The spring can further include a Z-shaped leg portion connected between the loop portion and the stem portion, the leg portion having a leg segment, a first curved segment connecting a first end of the leg segment to the stem portion, and a second curved segment connecting the other end of the leg segment to the first column segment of the loop portion. The leg segment can be inclined upwardly by an angle A from the second leg segment to the first leg segment relative to the shank portion, and the stem portion forms an included angle B with the leg segment, the angle B being greater than 90 degrees.
The elongate member can be formed from a high-strength alloy selected from the group consisting of beta-titanium, a nickel-titanium alloy, and an alloy of cobalt. The spring so formed preferably has a uniform square cross-section of 0.017 inch by 0.017 inch for torsionally engaging the vertically oriented slot. Alternatively, the elongate member can be formed from corrosion resistant steel. The spring so formed preferably has a uniform square cross section of 0.016 inch by 0.016 for obtaining a suitably low tensile spring constant while torsionally engaging the vertically oriented slot.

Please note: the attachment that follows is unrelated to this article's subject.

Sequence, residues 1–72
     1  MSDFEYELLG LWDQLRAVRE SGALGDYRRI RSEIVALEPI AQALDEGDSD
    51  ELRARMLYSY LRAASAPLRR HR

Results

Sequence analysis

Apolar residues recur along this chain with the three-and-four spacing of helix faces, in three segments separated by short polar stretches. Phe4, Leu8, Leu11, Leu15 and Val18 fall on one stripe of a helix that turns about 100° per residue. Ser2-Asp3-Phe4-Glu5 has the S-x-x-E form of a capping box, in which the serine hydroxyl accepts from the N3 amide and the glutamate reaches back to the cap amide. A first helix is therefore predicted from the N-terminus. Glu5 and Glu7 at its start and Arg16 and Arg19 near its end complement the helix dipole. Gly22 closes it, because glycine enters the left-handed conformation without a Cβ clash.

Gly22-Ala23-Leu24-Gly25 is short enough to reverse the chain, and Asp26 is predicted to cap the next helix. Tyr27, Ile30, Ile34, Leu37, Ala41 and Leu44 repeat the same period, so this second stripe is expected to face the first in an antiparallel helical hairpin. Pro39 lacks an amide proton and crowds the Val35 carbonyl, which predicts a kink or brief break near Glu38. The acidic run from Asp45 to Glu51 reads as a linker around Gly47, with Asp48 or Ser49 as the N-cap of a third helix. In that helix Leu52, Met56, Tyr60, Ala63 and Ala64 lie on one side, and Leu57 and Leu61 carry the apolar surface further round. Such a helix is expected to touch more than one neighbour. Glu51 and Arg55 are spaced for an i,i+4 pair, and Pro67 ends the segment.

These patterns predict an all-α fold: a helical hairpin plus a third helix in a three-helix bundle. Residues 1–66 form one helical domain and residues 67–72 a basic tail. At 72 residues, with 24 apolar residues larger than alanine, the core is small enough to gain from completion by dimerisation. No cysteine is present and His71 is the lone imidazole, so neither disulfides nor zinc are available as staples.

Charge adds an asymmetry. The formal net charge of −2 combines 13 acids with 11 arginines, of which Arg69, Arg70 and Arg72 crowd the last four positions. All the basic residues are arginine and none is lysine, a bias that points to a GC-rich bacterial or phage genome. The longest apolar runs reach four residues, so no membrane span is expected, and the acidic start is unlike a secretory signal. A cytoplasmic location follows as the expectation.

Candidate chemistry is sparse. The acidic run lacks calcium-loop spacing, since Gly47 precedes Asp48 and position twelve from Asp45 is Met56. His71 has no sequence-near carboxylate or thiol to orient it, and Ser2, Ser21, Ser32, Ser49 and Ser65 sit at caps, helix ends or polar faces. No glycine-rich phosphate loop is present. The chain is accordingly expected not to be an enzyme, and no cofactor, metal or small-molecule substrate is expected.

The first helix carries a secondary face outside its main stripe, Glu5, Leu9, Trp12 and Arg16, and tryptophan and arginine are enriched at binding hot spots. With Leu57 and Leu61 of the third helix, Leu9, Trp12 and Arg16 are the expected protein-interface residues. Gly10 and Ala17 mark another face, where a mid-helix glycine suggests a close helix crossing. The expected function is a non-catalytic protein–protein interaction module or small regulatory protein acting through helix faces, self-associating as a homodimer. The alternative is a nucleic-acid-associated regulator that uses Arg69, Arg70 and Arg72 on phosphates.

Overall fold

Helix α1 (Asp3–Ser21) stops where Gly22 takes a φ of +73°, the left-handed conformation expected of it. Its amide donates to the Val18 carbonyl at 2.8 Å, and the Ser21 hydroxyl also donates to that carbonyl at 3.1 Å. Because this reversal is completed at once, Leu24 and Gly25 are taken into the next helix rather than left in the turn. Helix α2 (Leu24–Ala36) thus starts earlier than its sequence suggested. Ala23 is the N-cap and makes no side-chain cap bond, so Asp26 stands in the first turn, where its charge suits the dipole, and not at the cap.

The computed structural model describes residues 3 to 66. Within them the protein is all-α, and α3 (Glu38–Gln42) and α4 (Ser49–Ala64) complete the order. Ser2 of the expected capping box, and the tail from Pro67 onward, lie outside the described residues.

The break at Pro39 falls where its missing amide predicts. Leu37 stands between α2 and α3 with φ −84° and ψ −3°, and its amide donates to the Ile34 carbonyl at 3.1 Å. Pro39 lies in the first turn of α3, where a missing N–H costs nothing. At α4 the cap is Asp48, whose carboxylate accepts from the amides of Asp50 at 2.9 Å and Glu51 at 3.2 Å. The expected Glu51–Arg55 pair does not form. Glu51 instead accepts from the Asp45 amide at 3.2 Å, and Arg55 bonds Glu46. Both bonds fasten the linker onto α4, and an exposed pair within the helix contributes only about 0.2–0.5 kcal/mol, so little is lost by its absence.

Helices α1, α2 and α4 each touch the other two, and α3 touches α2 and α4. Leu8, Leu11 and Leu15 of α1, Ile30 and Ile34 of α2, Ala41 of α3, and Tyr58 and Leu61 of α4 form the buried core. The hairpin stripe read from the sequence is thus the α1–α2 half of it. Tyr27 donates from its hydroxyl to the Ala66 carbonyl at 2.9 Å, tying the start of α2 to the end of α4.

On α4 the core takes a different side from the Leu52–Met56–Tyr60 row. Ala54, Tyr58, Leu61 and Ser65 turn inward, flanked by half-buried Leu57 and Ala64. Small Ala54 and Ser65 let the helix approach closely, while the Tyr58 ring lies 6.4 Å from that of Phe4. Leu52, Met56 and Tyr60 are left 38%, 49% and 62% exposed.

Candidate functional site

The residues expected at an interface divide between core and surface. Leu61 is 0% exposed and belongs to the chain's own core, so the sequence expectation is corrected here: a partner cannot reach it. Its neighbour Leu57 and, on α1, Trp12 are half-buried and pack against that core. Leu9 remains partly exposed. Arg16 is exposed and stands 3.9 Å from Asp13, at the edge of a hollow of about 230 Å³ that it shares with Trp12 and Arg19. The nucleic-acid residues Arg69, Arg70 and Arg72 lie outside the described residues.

In another aspect of the invention, an orthodontic retraction apparatus includes a plurality of the tooth brackets for rigid connection to corresponding teeth of a patient, each of the brackets having means for engaging a continuous arch wire, the tooth brackets including a first tooth bracket having a main arch slot and means for anchoring an arch wire tie, and an auxiliary slot for receiving an elongate member, the auxiliary slot being oriented in perpendicular relation to the main arch slot, and a second tooth bracket having a main arch wire passage for receiving the arch wire and an auxiliary passage therethrough, the auxiliary passage being oriented in parallel-spaced relation to the main arch passage; and the retraction spring including the high-strength elongate member having the stem portion, the shank portion, and the loop portion.
The present invention also provides a method for retracting a patient's teeth including the steps of: providing first and second tooth brackets anchored to respective teeth of the patient for engaging a continuous arch wire, the first bracket having a vertically oriented auxiliary slot, the second bracket having a horizontally oriented auxiliary passage; providing the retraction spring including the high-strength elongate member having the stem portion, the shank portion, and the loop portion; feeding the shank of the spring through the auxiliary passage; feeding the stem from the gingival through the vertical slot while applying sufficient moment for aligning the stem vertical; bending a protruding portion of the stem for locking the stem to the first bracket; and bending a protruding portion of the shank while holding the shank in an extending, tensioned condition, the spring transmitting a relatively large restoring moment along with tension forces for avoiding undesired tipping of the retracting teeth.